Roosevelt Blvd. speed cameras hit delay, installation pushed back

An artist's rendering of the BAT lanes planned for Roosevelt Boulevard. (City of Philadelphia)

An artist's rendering of the BAT lanes planned for Roosevelt Boulevard. (City of Philadelphia)

A regulatory snag is delaying the rollout of speed cameras on deadly Roosevelt Boulevard.

The Boulevard is reputed as the most dangerous road in Philadelphia with 21 fatal crashes in 2018 and eight this year. After years of advocacy and some legislative support from Harrisburg, Mayor Jim Kenney signed a bill in June legalizing automated enforcement on the North Philadelphia expressway. The city planned to install the cameras by the end of 2019 but that plan hit a bump and now, the cameras won’t be installed until the spring of 2020. PennDOT expects them to be effective by year’s end — a delay that upsets people who’ve lost family members to traffic crashes on the boulevard.

“This is a huge risk to have more people lose their lives along that road,” said Latanya Byrd, a member of Families for Safe Streets Greater Philadelphia.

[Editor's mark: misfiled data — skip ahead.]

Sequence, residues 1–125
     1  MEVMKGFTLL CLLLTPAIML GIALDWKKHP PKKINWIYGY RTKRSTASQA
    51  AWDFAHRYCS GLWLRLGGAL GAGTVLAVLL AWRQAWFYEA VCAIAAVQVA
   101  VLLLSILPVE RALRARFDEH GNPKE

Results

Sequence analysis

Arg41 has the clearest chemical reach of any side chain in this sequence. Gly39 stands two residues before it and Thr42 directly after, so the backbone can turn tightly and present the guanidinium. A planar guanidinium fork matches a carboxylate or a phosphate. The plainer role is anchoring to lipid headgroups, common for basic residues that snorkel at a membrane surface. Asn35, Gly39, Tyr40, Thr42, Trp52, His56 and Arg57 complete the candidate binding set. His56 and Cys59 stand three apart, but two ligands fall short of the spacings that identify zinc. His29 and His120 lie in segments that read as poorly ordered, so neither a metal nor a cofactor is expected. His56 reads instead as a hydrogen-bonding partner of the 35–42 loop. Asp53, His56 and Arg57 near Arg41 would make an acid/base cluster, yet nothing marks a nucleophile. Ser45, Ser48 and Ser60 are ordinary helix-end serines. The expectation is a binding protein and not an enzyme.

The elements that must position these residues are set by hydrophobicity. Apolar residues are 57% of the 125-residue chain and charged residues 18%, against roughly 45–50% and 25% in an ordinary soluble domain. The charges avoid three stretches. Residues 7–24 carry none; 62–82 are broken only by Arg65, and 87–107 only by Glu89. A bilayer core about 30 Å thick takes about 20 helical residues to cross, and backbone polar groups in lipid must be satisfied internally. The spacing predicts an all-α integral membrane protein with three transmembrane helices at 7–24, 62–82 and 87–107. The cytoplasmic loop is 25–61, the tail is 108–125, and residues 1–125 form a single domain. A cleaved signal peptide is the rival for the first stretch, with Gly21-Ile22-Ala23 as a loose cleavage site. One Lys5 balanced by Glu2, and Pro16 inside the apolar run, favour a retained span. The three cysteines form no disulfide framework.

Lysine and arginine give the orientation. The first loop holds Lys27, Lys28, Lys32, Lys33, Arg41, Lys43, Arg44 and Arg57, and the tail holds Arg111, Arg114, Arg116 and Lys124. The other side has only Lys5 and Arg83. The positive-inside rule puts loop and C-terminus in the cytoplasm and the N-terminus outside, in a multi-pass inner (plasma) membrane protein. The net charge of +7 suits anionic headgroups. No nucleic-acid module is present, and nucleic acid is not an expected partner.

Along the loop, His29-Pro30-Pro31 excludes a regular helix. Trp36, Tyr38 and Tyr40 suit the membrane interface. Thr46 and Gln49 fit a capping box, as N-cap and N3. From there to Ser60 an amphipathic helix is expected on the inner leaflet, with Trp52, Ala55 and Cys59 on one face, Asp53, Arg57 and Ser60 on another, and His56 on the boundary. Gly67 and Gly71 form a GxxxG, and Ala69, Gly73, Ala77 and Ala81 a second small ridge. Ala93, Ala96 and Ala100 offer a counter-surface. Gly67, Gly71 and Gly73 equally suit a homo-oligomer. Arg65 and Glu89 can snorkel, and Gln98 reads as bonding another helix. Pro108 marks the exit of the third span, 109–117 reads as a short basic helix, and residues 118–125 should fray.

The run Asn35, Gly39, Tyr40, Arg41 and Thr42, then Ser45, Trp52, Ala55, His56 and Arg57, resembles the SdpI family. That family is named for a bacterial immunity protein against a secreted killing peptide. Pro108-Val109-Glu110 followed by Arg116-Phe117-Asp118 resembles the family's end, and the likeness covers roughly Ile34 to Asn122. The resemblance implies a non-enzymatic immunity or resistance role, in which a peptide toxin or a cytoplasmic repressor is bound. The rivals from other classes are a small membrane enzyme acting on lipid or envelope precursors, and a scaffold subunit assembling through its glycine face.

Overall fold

Byrd began fighting for safety improvements on the boulevard after a driver speeding a vehicle down the boulevard hit her niece and her niece’s four children in 2013. All five were killed.

“We are very distraught right now knowing that the holidays are coming,” Byrd said. “I see people speeding all the time. We would like to see something happen quickly.”

The cameras will go up along the 12-mile stretch of Roosevelt Boulevard between 9th Street and the Bucks County line. Their installation was made possible through Act 86, a law that authorized automated speed enforcement on state roadways, Roosevelt Boulevard and in work zones. PennDOT and PTC were authorized to craft a regulation that would identify testing and certification for the equipment.

But now PennDOT and the Pennsylvania Turnpike Commission say they need more time to come up with the regulations, according to PennDOT.

“We don’t want to implement any kind of program or put any equipment out there until we know for sure that it’s working,” said Alexis Campbell, PennDOT’s press secretary.

The speed cameras and sensors will be used to detect when a driver exceeds the speed limit by 11 miles per hour or more. After a 60-day warning period, the Philadelphia Parking Authority, which will run the program, will issue fines ranging from $100 to $150. Up to three violations can be issued within a 30-minute period.

“Philadelphia Parking Authority is ready to go,” PPA spokesperson Marty O’Rourke said. “We’re just waiting for authorization from PennDOT.”

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